The Workers Compensation Attorney Group is a well known, highly-rated, and experienced firm in Orange County that excels in serving employees that are facing denied claims for work-related injuries. The vast majority of employees face claim rejection for numerous reasons. Our sole aim is to ensure that employees who suffer work-related injuries are rightfully compensated. We diligently work on these cases to ensure the claimant’s rights are exercised.
Who are Public Employees?
Employees working for the government are termed as public employees. Government employees are categorized in federal employees, state, and local employees, and there are also particular types of occupation. Working for the government comes with a bunch of benefits, such as a great job with security, payments for the days off, and high increased compensation benefits. However, it can be impossible to avoid unfortunate incidents, primarily if you work in a hazardous environment. As an employee suffering from an injury, you should be aware that you have the right to compensation.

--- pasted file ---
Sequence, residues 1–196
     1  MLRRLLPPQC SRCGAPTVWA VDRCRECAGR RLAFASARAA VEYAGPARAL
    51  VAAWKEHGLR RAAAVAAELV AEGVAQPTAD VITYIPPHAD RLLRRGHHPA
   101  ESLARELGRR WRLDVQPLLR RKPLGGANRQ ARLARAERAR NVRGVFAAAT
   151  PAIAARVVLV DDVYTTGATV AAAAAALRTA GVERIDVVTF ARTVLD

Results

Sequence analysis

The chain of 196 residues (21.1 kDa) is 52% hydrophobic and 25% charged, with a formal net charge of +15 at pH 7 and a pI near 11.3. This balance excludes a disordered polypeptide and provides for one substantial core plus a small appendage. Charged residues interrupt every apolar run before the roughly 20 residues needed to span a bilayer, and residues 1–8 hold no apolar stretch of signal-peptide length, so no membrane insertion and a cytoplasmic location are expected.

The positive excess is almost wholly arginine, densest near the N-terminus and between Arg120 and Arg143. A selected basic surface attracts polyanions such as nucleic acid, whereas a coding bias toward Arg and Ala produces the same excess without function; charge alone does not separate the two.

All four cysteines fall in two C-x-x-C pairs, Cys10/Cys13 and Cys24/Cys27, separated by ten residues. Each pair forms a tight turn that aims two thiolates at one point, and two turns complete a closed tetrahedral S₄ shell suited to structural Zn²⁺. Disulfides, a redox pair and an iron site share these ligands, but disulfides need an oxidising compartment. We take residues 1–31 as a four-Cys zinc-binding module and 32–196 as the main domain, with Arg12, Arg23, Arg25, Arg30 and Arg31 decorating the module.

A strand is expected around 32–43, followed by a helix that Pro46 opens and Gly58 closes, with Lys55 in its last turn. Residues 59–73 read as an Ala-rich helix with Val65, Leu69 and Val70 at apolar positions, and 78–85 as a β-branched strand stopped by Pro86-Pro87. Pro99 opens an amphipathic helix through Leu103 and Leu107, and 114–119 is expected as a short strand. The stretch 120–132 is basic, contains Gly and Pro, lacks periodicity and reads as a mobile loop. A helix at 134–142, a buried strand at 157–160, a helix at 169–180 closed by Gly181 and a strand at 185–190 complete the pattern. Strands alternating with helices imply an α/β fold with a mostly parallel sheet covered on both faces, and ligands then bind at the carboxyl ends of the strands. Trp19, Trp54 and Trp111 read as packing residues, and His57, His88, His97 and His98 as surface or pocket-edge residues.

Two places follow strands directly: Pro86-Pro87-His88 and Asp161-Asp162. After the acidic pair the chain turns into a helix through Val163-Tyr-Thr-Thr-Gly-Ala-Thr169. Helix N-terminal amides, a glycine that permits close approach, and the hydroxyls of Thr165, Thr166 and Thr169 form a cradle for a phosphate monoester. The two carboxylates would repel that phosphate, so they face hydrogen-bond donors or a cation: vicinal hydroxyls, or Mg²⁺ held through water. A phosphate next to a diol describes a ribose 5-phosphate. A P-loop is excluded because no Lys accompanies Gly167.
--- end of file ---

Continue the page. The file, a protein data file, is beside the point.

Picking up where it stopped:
Workers’ Compensation Overview for Public Employees.
A workers’ compensation is a program of laws stating the particular benefits an injured employee is entitled to, and the steps of acquiring such benefits. It is mandated that in every state, an employer MUST sign insurance covers that cater for the expenses of the employees who suffer work-related injuries. An injured employee might require to take some time off work, and due to the unexpected cut of income, the situation might result in severe privation in the employee's life and family. The insurance cover mitigates the situation in the victim's life, providing medical expenses and wage loss.
Government workers use a separate set of laws in terms of workers' compensation. The federal law regulates federal employees, the state or the local government employees use the state's workers' compensation or follow the particular state’s statutes. The regulations of the state govern how railroad, seamen, and other special types of employees receive compensation.